Return of EU Slots Usage Rule Sparks Debate

The European Commission (EC) has announced that it plans to reinstate the so-called 80:20 slot use rules for the 2022/23 Winter season. This has sparked debate across the industry as airports welcome the decision, but IATA raises concerns.

We take a closer look at 80:20 slot usage and find out why IATA has raised concerns.

Return of EU Slots Usage Rules Sparks Debate

What is 80:20 slot usage?

The 80:20 slot use rules require airlines to use at least 80% of their given slot sequence. The rule is in place to help airports manage access on a global scale, particularly for those with lower capacity. The 80:20 slot use rules have been suspended since the first quarter of 2020 and currently stand at 64%.

There is, in addition, a justified non-use of slot (JNUS) tool, created during the height of the restrictions to give flexibility for exceptional delays. This offers greater flexibility during emergency situations, potential sanctions, or imposed travel restrictions in certain regions. The EC has included a proposal to extend the JNUS provision and allow airlines to retain slots that they cannot utilize.

IATA raises concerns

Airlines are keen to return to the previously successful system and effectively use airport capacity. However, IATA warns that a premature return to the rule could negatively impact the passenger experience.

The concerns have been raised following poor global performance over the past quarter. Some airports declared full capacity availability, for instance, but asked airlines to cut back, leading to widespread cancellations and long ground delays. Other airports experienced baggage handling issues, such as the UK’s Heathrow, which reluctantly introduced a capacity cap to address the problem.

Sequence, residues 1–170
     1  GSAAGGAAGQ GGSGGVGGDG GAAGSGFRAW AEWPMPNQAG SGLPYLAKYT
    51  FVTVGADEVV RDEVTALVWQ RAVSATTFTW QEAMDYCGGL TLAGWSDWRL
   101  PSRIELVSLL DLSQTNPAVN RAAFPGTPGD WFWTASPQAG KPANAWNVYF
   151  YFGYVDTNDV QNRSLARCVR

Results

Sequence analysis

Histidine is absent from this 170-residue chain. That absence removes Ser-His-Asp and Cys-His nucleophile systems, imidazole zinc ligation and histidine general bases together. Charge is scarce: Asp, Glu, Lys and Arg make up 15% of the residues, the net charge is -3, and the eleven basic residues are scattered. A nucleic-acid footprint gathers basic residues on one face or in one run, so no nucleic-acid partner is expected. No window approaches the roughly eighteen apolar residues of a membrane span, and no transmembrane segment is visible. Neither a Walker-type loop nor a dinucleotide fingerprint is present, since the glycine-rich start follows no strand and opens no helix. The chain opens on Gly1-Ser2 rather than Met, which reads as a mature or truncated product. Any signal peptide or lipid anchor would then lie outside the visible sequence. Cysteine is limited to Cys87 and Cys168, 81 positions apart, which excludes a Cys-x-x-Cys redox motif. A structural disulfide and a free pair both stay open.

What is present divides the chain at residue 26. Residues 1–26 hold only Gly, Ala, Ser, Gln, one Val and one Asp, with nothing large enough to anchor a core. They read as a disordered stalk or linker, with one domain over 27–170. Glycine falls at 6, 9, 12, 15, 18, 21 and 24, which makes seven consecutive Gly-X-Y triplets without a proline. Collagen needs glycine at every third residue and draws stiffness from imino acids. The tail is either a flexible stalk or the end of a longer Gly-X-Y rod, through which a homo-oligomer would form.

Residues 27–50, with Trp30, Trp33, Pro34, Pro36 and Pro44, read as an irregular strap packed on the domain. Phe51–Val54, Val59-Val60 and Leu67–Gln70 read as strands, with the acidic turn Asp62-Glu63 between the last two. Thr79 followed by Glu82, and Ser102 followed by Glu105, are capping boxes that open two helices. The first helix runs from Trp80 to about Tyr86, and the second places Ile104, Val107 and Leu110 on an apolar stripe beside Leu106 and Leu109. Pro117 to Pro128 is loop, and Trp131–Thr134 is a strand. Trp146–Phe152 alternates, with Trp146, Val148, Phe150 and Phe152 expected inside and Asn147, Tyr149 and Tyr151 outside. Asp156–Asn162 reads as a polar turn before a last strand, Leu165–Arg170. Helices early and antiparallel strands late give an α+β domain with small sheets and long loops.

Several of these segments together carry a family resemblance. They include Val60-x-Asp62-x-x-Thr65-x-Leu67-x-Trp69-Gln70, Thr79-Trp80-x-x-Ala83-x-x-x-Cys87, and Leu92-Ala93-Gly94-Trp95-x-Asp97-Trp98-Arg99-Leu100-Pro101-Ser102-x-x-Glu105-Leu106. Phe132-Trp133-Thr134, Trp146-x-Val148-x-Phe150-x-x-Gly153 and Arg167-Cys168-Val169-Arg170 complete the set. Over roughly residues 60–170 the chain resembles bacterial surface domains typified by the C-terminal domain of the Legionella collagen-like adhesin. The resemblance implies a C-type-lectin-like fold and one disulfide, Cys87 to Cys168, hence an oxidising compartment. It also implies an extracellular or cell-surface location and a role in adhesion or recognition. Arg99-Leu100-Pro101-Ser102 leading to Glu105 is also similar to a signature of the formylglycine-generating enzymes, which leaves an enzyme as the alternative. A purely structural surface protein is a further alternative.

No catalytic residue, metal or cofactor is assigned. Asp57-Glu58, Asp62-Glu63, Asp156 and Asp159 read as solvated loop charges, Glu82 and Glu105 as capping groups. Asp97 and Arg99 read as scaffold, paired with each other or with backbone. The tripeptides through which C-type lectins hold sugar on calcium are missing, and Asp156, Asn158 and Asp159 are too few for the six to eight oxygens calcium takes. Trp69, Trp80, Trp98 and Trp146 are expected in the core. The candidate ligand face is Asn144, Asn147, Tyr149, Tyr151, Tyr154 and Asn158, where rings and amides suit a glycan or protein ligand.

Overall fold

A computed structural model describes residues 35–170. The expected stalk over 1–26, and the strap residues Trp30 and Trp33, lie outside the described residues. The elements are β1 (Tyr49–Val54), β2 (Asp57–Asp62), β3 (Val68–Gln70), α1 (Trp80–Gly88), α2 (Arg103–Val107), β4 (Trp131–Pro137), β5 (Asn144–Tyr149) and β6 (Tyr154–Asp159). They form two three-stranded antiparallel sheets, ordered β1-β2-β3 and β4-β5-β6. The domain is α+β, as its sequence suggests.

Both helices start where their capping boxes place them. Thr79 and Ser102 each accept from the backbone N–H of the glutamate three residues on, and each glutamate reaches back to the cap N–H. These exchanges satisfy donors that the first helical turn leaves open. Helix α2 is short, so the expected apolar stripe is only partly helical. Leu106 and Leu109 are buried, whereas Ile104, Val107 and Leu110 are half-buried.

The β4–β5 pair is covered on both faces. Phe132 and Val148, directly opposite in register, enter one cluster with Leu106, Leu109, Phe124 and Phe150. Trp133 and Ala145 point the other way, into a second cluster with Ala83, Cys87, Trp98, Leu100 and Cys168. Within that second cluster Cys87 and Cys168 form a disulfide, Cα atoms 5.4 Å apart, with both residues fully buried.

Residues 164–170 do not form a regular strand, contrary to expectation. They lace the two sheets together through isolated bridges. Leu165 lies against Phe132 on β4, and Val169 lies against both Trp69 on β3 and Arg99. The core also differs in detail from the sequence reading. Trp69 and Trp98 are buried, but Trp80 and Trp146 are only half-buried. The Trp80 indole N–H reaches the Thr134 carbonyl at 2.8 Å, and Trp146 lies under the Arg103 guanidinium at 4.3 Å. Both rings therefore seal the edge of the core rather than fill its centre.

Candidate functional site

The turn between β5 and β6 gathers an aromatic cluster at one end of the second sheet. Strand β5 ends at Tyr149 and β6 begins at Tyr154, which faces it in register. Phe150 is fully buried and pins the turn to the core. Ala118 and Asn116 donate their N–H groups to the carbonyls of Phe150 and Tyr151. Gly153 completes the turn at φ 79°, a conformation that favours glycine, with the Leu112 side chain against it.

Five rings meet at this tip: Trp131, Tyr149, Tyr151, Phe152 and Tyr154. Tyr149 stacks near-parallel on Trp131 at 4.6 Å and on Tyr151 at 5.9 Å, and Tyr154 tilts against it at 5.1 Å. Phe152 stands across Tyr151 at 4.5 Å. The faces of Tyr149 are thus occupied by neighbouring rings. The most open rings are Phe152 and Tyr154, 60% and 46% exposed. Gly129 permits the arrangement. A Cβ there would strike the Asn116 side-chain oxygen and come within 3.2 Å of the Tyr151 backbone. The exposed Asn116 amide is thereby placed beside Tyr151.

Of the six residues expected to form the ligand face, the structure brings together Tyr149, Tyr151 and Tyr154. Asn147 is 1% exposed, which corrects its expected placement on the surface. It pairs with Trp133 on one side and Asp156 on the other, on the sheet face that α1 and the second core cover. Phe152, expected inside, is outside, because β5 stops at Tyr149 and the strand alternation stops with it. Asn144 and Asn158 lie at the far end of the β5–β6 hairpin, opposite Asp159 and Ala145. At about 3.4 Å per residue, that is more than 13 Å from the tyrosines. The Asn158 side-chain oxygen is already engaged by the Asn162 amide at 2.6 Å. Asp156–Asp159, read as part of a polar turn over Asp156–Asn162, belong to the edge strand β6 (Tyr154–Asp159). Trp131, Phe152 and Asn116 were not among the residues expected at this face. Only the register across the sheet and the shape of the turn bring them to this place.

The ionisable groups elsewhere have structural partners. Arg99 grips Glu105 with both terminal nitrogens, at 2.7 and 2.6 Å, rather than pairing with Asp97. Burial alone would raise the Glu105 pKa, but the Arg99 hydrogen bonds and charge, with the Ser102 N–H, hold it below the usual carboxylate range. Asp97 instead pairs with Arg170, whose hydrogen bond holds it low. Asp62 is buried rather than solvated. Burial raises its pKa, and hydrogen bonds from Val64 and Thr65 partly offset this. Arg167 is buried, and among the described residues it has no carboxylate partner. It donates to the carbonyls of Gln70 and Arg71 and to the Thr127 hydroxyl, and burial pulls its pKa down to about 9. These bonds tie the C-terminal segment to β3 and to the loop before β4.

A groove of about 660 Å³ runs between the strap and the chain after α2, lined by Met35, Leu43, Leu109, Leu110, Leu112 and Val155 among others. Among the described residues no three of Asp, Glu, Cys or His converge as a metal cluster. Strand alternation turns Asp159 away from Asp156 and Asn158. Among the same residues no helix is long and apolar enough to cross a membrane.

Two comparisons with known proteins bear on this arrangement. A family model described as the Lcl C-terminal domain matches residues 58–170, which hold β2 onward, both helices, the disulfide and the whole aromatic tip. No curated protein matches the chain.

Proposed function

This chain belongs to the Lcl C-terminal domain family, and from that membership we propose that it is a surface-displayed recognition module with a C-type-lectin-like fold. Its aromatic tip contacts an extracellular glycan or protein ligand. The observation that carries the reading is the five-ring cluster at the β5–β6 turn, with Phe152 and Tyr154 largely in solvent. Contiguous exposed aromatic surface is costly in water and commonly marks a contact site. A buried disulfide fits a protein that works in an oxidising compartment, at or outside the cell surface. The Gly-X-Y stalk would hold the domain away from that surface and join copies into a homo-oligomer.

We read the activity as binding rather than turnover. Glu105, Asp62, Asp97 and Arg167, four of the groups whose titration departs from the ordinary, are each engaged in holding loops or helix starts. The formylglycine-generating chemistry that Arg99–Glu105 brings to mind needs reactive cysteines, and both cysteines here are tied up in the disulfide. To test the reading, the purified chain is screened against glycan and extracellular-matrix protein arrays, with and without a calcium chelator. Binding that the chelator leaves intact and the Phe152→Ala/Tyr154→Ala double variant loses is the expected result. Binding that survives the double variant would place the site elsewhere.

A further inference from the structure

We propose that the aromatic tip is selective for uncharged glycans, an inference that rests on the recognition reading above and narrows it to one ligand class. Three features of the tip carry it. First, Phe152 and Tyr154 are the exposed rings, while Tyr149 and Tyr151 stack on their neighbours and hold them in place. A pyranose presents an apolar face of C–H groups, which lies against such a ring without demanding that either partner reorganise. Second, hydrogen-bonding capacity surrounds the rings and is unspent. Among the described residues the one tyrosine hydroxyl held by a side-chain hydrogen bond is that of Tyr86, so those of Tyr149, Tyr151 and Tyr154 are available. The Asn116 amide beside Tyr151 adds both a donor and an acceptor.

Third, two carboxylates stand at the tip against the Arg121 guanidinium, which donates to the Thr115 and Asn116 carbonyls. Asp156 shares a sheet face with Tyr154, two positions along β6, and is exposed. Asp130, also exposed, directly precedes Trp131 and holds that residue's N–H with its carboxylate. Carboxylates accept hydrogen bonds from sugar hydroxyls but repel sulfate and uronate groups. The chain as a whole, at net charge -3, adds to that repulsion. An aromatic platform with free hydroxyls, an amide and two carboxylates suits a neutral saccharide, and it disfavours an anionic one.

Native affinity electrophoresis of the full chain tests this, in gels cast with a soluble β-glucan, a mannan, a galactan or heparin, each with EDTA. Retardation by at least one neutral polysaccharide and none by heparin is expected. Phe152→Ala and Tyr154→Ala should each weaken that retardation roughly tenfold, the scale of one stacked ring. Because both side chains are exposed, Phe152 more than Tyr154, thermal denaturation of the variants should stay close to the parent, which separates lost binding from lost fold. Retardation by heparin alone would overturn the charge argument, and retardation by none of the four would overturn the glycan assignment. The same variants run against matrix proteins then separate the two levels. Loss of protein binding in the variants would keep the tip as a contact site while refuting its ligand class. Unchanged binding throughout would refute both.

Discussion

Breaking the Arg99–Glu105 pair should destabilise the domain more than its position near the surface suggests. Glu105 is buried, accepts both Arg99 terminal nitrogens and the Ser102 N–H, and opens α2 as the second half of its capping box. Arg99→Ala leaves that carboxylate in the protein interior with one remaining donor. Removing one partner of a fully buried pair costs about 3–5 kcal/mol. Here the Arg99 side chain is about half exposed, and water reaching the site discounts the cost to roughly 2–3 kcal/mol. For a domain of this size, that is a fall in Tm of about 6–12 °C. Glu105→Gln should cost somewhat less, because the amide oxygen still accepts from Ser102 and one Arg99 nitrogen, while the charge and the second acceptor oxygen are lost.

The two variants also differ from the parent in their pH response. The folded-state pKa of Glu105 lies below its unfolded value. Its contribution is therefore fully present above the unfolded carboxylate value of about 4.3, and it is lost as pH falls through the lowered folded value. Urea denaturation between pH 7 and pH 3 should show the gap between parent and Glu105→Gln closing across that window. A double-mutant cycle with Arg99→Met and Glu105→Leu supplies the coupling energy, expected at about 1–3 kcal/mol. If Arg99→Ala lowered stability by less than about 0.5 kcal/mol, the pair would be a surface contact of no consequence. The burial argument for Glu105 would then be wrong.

According to IATA, airports are simply not ready for a return to the slot use rules. With a current slot usage standing at 64%, IATA argues that airports may not be prepared to return to 80% service levels in just three months’ time. The association recommends that the industry waits until next year.

Are your systems ready?

Regardless of size, airports around the world are experiencing increases in traffic following a period of relative inactivity. For many, demand is beginning to exceed the combined capacity of both airlines and ground handling systems.

This is why it is more important than ever to ensure that ground systems are as efficient as possible and at least on par with other airport processes. When the 80:20 slot rules are reinstated, it may be tough for airports to stay on top of ground processes and compliance.

Implementing baggage handling systems that are scalable and flexible could provide many airports with a solution. They can automate compliance, share integrated databases and increase efficiency while reducing the reliance on resources. Some of the latest systems can be fully integrated into existing airport systems and simplify management while increasing accessibility to those that need it.

Talk to A-ICE

A-ICE works closely with airports of all sizes to simplify operations and streamline efficiency. With a focus on passenger experience, we understand the pressures and challenges airports are now facing. We also recognize the value of the opportunities presented to the industry now that traffic is returning to normalized levels.

Talk to us about your challenges and let us help you implement the solutions you need today, scalable for tomorrow.


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